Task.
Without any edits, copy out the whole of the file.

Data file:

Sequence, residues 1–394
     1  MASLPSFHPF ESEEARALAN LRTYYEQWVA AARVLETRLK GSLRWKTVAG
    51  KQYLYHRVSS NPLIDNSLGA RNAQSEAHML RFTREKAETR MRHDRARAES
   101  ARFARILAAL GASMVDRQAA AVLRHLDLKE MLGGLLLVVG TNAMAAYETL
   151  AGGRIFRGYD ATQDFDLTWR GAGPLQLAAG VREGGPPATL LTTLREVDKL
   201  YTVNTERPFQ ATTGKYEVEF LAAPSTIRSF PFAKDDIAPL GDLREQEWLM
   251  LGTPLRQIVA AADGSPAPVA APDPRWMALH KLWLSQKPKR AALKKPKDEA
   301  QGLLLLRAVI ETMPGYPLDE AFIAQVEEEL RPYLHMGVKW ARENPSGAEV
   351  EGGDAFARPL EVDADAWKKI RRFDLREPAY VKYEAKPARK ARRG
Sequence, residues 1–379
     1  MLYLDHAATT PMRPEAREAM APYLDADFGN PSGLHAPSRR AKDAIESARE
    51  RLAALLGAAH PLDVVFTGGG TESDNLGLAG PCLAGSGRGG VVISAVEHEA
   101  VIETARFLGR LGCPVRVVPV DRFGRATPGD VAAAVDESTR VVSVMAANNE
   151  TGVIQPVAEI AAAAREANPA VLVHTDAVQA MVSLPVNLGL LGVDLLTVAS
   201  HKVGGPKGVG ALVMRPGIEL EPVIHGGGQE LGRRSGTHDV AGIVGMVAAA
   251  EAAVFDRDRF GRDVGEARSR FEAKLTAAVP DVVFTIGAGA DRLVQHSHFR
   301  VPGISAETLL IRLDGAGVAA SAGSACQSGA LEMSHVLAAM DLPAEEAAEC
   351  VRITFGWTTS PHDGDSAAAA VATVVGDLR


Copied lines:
Sequence, residues 1–394
     1  MASLPSFHPF ESEEARALAN LRTYYEQWVA AARVLETRLK GSLRWKTVAG
    51  KQYLYHRVSS NPLIDNSLGA RNAQSEAHML RFTREKAETR MRHDRARAES
   101  ARFARILAAL GASMVDRQAA AVLRHLDLKE MLGGLLLVVG TNAMAAYETL
   151  AGGRIFRGYD ATQDFDLTWR GAGPLQLAAG VREGGPPATL LTTLREVDKL
   201  YTVNTERPFQ ATTGKYEVEF LAAPSTIRSF PFAKDDIAPL GDLREQEWLM
   251  LGTPLRQIVA AADGSPAPVA APDPRWMALH KLWLSQKPKR AALKKPKDEA
   301  QGLLLLRAVI ETMPGYPLDE AFIAQVEEEL RPYLHMGVKW ARENPSGAEV
   351  EGGDAFARPL EVDADAWKKI RRFDLREPAY VKYEAKPARK ARRG
Sequence, residues 1–379
     1  MLYLDHAATT PMRPEAREAM APYLDADFGN PSGLHAPSRR AKDAIESARE
    51  RLAALLGAAH PLDVVFTGGG TESDNLGLAG PCLAGSGRGG VVISAVEHEA
   101  VIETARFLGR LGCPVRVVPV DRFGRATPGD VAAAVDESTR VVSVMAANNE
   151  TGVIQPVAEI AAAAREANPA VLVHTDAVQA MVSLPVNLGL LGVDLLTVAS
   201  HKVGGPKGVG ALVMRPGIEL EPVIHGGGQE LGRRSGTHDV AGIVGMVAAA
   251  EAAVFDRDRF GRDVGEARSR FEAKLTAAVP DVVFTIGAGA DRLVQHSHFR
   301  VPGISAETLL IRLDGAGVAA SAGSACQSGA LEMSHVLAAM DLPAEEAAEC
   351  VRITFGWTTS PHDGDSAAAA VATVVGDLR